Some opposition parties see PKR as an electoral liability. This is exacerbated with strained relations within the leadership, which is going to hinder the creation of any unified approach to the coming general election.

Rather than non-PH opposition parties standing alone, effectively competing against each other, cancelling each other out, they could form their own electoral pact of coalition. Gerak Independent, MUDA, PSM, and even Warisan could cooperate electorally with a non-competition agreement. This would make a lot of sense for these parties.

The non-PH parties will have to make a decision whether to stand in electorates held by PH parties. One argument made for standing against PKR is that it will give voters another choice in seats that PKR may lose. Gerak Independent has already made the decision but the case for it is a weak one and can be reversed. PKR did set the precedent standing a candidate against Dr Michael Jeyakumar Devaraj in Sungei Siput during the 2018 general election.

Strategists in the opposition must plan for their parties to save themselves from a defeat that has longerterm impact. If regaining the government in this general election is not a reality, they must do the next best thing. That is to put themselves into a good position to take over the government in GE16. PKR members themselves are already saying this. The collective opposition must think very wisely about how to tackle the coming general election.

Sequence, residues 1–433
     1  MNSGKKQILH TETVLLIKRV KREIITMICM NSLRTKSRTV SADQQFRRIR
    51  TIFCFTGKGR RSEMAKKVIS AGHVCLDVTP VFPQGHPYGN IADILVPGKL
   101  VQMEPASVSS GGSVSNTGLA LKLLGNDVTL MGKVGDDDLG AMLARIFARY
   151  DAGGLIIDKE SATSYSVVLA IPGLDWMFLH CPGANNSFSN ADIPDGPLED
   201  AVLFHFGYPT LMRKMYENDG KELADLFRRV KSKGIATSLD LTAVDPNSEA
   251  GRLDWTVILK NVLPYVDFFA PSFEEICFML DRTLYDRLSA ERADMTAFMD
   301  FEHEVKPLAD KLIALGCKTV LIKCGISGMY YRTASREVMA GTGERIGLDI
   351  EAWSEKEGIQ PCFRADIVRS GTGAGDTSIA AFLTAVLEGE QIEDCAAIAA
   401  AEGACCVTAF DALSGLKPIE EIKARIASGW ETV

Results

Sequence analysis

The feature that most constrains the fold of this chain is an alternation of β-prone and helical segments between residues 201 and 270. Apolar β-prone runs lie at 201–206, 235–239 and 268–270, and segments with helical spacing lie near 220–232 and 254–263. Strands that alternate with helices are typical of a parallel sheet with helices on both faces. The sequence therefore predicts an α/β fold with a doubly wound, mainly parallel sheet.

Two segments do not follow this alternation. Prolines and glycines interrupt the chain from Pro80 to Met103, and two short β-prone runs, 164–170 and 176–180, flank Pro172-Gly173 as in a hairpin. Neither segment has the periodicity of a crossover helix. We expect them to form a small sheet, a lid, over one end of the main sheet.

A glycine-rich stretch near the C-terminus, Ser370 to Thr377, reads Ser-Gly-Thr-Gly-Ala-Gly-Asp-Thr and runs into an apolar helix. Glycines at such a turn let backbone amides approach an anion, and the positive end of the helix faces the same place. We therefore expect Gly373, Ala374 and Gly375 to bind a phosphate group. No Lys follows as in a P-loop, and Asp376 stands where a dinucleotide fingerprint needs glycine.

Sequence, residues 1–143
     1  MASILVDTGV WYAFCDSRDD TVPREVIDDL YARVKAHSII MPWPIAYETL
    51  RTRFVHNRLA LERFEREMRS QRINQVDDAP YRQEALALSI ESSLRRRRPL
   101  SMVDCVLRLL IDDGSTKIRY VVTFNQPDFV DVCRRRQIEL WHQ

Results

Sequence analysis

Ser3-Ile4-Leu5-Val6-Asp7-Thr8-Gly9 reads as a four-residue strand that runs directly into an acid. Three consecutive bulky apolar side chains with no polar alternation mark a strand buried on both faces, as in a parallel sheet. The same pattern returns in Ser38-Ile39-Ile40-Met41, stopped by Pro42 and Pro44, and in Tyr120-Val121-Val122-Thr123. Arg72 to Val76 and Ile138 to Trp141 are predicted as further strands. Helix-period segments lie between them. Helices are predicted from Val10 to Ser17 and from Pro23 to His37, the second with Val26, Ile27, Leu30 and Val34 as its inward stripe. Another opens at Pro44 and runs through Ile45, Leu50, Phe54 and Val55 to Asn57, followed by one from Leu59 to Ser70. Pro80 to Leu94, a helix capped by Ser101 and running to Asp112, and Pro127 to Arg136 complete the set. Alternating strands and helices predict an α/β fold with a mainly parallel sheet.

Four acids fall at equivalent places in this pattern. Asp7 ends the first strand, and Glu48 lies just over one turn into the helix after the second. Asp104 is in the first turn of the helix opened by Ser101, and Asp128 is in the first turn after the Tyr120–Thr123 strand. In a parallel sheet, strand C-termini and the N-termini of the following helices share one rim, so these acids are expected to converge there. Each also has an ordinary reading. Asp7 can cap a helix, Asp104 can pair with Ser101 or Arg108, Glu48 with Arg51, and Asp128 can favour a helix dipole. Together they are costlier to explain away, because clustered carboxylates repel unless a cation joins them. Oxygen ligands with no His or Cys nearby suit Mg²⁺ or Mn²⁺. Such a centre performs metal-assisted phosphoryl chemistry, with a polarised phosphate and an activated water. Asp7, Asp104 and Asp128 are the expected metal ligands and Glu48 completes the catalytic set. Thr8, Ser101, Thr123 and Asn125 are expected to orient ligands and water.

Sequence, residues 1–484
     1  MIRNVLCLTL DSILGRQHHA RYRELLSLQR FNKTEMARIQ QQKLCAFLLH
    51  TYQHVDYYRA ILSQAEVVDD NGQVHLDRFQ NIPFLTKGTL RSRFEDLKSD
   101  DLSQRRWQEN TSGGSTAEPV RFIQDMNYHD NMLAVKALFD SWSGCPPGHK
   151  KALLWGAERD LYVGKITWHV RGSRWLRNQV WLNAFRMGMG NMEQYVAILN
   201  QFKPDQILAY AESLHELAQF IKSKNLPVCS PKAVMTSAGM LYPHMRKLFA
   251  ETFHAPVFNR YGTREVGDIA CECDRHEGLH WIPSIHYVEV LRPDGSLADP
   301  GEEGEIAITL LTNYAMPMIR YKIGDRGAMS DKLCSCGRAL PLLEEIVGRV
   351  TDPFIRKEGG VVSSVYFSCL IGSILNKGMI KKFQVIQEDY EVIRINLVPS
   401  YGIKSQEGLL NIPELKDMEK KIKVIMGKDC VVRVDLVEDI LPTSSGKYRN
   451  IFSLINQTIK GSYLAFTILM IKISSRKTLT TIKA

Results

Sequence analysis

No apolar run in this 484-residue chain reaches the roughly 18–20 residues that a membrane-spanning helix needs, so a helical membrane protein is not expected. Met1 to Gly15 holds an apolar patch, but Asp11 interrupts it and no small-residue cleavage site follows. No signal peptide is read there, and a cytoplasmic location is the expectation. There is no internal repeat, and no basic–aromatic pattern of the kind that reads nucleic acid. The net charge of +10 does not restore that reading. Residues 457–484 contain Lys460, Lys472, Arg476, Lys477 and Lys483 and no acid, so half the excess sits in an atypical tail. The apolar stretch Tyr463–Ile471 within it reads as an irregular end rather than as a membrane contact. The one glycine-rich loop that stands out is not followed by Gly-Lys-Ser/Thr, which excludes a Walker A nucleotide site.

One possible game changer in establishing a more cohesive and effective opposition is Muda. Should the party be able to successfully get the youth vote out especially in the semi urban constituencies, Muda can help lay the ground work for the opposition’s revival. In these constituencies which can determine the outcome of as many as 70 Parliament seats, the B40 and middle-class votes are up for grab and can be won with a youth oriented socio-economic platform that resonates with the electorate.

The party may also provide an opportunity for the younger party members in the established opposition parties to work together for the new Malaysia which is likely to take several steps backwards in the coming GE15.

Murray Hunter

Murray Hunter has been involved in Asia-Pacific business for the last 30 years as an entrepreneur, consultant, academic, and researcher. As an entrepreneur he was involved in numerous start-ups, developing a lot of patented technology, where one of his enterprises was listed in 1992 as the 5th fastest going company on the BRW/Price Waterhouse Fast100 list in Australia. Murray is now an associate professor at the University Malaysia Perlis, spending a lot of time consulting to Asian governments on community development and village biotechnology, both at the strategic level and “on the ground”. He is also a visiting professor at a number of universities and regular speaker at conferences and workshops in the region. Murray is the author of a number of books, numerous research and conceptual papers in referred journals, and commentator on the issues of entrepreneurship, development, and politics in a number of magazines and online news sites around the world. Murray takes a trans-disciplinary view of issues and events, trying to relate this to the enrichment and empowerment of people in the region.